Dr Root said we do not necessarily know that causes a “true” forefoot varus or valgus and we can’t determine it clinically but we can differentiate it from some of the other condition that result in an inverted or everted ff/rf relationship. Likewise we can’t necessarily differentiate the cause of rearfoot varus or rearfoot valgus but he speculated it could be stj rom (ie a true rf varus or valgus due to stj rom) or it could be the result of a twist in the body of the calcaneus (calcaneal varus or valgus torsion). So it is not necessarily possible to clinically differentiate some of these conditions.

    Let’s not forget that stj frontal plane motion/position is not a true measure of stj motion/position, it is only the frontal plane component of stj motion/position. Therefore, we need to realize that differences in the orientation of the stj axis will influence our perception of stj motion and position. For example a low axis stj will demonstrate a great ratio of inversion/eversion than a high axis stj because we are seeing more motion relative to the frontal plane.

    I believe it is important to recognize both the benefit and limitation of stj and ff/rf measurements. The reason I posted the link is because like it or not, these techniques and terms are still used and there is significant reference to them, so it is important to understand them as best possible.

  8. RobinP

    RobinP Well-Known Member

    This is just my opinion - see answers below in blue

    Good luck and don't believe everything I(or anyone else) tells you. Read it and decide for yourself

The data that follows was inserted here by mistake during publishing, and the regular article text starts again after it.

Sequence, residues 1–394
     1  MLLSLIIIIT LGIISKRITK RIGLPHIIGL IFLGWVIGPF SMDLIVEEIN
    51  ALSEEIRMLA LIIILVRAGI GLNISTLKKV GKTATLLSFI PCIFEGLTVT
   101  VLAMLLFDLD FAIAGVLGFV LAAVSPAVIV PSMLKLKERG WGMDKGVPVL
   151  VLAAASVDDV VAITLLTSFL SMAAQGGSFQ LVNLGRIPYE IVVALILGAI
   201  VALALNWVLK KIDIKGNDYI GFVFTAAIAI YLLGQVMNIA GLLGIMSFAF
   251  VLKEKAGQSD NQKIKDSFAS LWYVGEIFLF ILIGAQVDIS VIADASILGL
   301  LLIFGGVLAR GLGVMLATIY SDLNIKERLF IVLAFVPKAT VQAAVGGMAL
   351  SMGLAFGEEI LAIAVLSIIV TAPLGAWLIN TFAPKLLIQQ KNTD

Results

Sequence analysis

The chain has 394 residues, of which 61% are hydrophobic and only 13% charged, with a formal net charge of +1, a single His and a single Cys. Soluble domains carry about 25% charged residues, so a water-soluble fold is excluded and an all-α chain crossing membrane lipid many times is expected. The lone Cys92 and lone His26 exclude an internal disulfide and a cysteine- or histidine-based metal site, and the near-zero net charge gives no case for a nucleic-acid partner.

9. SWF (Your real name where you are attending podiatry school is appreciated for more complete answers to your questions):

    I mark heel bisections on all my patients receiving orthoses and measure the relaxed calcaneal stance position (RCSP). I also use the maximum pronation test to see how close the rotational positon of the subtalar joint is the the maximally pronated position during relaxed bipedal stance (Kirby KA, Green DR: Evaluation and Nonoperative Management of Pes Valgus, pp. 295-327, in DeValentine, S.(ed), Foot and Ankle Disorders in Children. Churchill-Livingstone, New York, 1992.).

    However, I haven't measured neutral calcaneal stance position for the last 20 years. John Weed, DPM, had us calculating NCSP back in the early 1980s as second year podiatry students....hasn't podiatric biomechanics progressed over the last three decades at your podiatry school?
  10. alwinliew

    alwinliew Member

    Measurements of NCSP and RCSP are a waste of time in a real clinical setting. Not accurate at all!
  11. Jeff Root

    Jeff Root Well-Known Member

    You’re certainly entitled to your opinion. In my opinion, RCSP can be an important indicator of foot function in a closed kinetic chain condition. For example, an inverted RCSP in an individual with a history of inversion ankle sprains would be of interest to many clinicians. A significantly everted, unilateral RCSP might be consistent with a peroneal spasm or adult acquired flatfoot. You might even have to put the stj through an open chain examination of the ROM to detect a peroneal spasm, but some clinicians feel that an open chain stj ROM examination is also a waste of time.

    Disregarding one piece of the puzzle creates an incomplete picture. Depending on the size of the puzzle piece, you may be missing critical information. I fail to see why some people try to make too much or too little of simple clinical techniques.
  12. alwinliew

    alwinliew Member

    I agree with you Jeff.:good: I should probably elaborate what I meant by 'measurements'. I would still get a patient to stand on RCSP to observe whether the calcaneus is inverted/ everted. Then proceed to S.R.T and Jack's and then supine exam (checking STJ axis location, RoM etc)